The Wine Press: Will two glasses a day keep the doctor away?
Imagine an elixir that reduces the risk of prostate cancer, kidney cancer, gastric cancer, colorectal cancer and lymphoma. It also decreases the likelihood of cardiovascular disease, gall bladder disease, diabetes, osteoporosis and multiple sclerosis.
In addition, it has benefits for the brain, decreasing the risk of Alzheimer's disease and dementia. It's not a figment of imagination — this elixir has been available for centuries. It's called red wine.
Wine has been prescribed by medical practitioners for thousands of years for the preservation of health as well as treatment of disease. It has been administered as an appetite stimulator, a mild tranquilizer, a diuretic, and a blood pressure regulator.
A component of red wine, resveritrol, has been shown in animal studies to have numerous health benefits. Some of these include anti-aging, anti-cancer, antiviral, neuroprotective, and anti-inflammatory effects. Recently, red wine has been widely acknowledged for its protection against heart disease.
One out of every three Americans will die from cardiovascular disease. Over 100 medical studies and 25 years of research have suggested that wine in moderation is good for the heart.
These studies have provided strong evidence that alcohol raises levels of "good cholesterol" and also inhibits "bad cholesterol" from forming. A Denmark study concluded that moderate consumption of wine reduced cardiovascular disease by 60 percent.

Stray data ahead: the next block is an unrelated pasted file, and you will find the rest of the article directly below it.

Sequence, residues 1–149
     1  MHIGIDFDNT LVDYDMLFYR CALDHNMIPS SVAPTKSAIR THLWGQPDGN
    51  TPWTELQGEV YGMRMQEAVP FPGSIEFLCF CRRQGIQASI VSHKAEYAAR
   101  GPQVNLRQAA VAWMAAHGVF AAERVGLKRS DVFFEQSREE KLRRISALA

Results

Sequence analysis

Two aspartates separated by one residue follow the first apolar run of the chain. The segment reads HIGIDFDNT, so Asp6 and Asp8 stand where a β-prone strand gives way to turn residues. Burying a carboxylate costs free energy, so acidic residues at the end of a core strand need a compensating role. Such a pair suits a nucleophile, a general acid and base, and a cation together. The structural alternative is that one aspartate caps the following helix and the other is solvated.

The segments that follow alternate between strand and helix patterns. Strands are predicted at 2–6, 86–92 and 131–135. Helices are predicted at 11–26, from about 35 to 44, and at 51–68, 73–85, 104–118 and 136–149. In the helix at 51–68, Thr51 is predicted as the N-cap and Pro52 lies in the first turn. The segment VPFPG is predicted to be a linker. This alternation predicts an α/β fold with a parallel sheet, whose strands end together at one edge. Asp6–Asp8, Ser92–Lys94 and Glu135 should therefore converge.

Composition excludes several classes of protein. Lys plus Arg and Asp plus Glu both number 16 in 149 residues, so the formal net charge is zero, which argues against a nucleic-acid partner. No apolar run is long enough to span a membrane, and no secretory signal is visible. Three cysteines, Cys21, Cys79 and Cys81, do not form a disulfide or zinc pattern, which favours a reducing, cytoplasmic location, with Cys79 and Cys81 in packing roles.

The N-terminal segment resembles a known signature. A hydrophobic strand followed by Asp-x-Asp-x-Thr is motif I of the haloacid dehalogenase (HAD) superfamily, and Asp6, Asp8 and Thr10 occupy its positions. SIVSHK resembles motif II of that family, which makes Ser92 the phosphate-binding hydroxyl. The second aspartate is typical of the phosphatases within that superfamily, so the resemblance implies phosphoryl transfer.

Healthy drinker hypothesis
While there is mounting evidence supporting the benefits of wine consumption, critics have suggested the "healthy drinker" hypothesis to explain the results of the studies. They argue that wine consumption is correlated with improved health but not caused by it. Perhaps the participants in the studies who consumed wine had a bias towards a healthier diet and more exercise.
A 2006 study published in the Archives of Internal Medicine refuted this hypothesis. The study demonstrated that healthy men consuming one to two drinks per day had 62 percent lower risk of heart attacks than subjects with the same healthy lifestyle who did not consume any alcohol.
More pragmatic advice is provided by Dr. Don Fox, a radiologist from Woodside, "No one has done a cohort study for 75 years, so we don't have absolute proof. Just drink wine and be happy."
Moderation is essential
Many studies show that the benefits of drinking red wine can be achieved from consuming one to two drinks per day. (The American definition of a standard wine drink is 5 ounces.) The caveat is that drinking three or more glasses per day causes a decrease in benefits. In fact, heavy drinking may increase the risk of breast cancer, cirrhosis and gastrointestinal cancers.
Dr. Bill Grove, a retired pathologist from Atherton, advocates moderation: "I wouldn't encourage people to go out and drink. Studies have shown that people tend to live a little longer with moderate consumption of wine. On the other hand, excessive consumption can lead to driving accidents and early death. It's a delicate balance."
Five components of healthy living
Drinking red wine is only one aspect of a healthy lifestyle. A 2006 study of middle-aged to older men, published in the American Heart Association Journal "Circulation," determined five factors relevant to preventing cardiovascular disease and diabetes: 1. Don't smoke; 2. Stay slim; 3. Exercise 30 minutes a day; 4. Maintain a diet low in animal fat, high in fiber; and 5. Drink in moderation. Adhering to these lifestyle recommendations decreases the risk of cardiovascular disease by 74 percent, the study showed.
As for No. 5, two glasses of red wine a day would be the perfect way to comply. Decades of medical research have established the numerous health benefits of wine. The next time you enjoy a bottle of wine with friends, raise your glass and toast, "A votre sante" (to your health).